The ever-versatile storyteller Dave Eggers has taken Jules Verne's classic Twenty Thousand Leagues Under the Sea and put a modern twist on it for young readers. In The Story of Captain Nemo, young Consuelo gets to go on an adventure with his uncle, the famous oceanographer Pierre Arronax. Together they will investigate the sinking of fishing boats around the world and the rumors of a giant sea monster that keeps bringing them down.
It's been decades since I read Verne's original story, so I can't authoritatively say how true to the story Eggers stays. It's certainly updated to the context of today. Eggers himself writes that this is not a "definitive distillation" of the original but a "personal and idiosyncratic take on it. . . . meant to intrigue a reader enough to bring them to Verne's inimitable text." On that count, he succeeds.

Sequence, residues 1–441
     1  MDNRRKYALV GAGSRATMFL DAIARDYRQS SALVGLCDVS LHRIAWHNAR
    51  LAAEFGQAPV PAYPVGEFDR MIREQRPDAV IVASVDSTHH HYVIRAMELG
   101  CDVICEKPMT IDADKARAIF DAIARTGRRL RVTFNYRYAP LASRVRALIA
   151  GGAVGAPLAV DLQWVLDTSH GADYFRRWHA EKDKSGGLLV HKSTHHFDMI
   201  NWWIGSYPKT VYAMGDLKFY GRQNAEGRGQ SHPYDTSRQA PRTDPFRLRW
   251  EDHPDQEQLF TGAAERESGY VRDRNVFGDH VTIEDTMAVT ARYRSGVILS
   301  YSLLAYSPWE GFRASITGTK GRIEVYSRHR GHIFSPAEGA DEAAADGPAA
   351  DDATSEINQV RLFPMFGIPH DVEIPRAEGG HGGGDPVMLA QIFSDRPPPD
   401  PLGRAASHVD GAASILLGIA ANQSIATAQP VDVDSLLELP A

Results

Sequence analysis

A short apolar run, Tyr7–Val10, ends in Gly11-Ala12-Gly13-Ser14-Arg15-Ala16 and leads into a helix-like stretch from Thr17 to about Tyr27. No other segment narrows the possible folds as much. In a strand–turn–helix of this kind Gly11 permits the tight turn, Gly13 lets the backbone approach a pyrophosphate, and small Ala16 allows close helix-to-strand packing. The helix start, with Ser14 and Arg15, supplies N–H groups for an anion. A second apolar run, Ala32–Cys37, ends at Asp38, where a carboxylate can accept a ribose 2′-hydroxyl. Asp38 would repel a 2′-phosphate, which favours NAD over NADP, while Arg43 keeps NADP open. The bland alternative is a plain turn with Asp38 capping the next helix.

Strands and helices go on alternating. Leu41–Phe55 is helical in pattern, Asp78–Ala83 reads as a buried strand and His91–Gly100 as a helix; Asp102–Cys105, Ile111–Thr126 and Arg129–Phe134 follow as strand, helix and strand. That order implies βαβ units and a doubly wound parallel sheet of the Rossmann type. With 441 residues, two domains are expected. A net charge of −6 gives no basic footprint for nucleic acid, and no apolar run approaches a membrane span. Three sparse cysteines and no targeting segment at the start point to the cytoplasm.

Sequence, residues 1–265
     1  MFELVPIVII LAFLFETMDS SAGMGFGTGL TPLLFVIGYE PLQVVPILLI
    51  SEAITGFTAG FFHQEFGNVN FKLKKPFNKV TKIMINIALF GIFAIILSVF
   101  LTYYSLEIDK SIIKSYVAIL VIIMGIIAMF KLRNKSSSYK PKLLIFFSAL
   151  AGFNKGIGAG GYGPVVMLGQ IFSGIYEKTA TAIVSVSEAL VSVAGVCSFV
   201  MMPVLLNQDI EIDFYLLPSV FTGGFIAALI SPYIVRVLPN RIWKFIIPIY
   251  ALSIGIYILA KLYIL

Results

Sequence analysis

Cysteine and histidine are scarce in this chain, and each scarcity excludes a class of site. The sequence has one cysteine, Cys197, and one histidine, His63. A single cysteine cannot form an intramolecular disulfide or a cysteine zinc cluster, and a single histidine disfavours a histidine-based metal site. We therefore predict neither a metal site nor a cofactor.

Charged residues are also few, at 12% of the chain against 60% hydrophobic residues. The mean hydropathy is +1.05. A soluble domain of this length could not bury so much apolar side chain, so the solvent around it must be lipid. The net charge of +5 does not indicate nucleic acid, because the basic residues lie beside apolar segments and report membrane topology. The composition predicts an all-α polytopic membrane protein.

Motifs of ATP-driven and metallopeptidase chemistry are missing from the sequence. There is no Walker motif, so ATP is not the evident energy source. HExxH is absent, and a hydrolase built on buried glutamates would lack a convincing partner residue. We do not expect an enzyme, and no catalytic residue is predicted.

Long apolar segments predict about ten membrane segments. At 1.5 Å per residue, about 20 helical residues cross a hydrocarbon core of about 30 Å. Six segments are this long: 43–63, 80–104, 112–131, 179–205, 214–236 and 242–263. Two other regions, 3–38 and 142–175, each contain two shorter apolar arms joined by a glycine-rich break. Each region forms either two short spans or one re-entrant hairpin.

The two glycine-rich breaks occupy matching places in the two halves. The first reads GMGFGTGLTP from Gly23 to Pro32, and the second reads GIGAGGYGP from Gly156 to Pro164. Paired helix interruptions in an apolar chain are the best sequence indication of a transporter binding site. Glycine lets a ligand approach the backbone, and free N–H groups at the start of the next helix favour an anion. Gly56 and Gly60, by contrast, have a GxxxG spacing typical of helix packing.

It's a quick read, with some fun illustrations. The sci-fi element is cool. Just as in Verne's original, Eggers includes enough speculative science to be believable while emphasizing Nemo's mad genius. The message of valuing human life above animal life while respecting the ocean environment fits somewhere between Greenpeace and a free market of the sea. Killing humans on large-scale fishing vessels is not OK, even if they are depleting fish populations and destroying habitats. But it's not OK to kill the offenders.
The Story of Captain Nemo is a satisfying and enjoyable reminder of the literary genius and scientific foresight of Jules Verne. Pick it up!
Thanks to NetGalley and the publisher for the complimentary electronic review copy!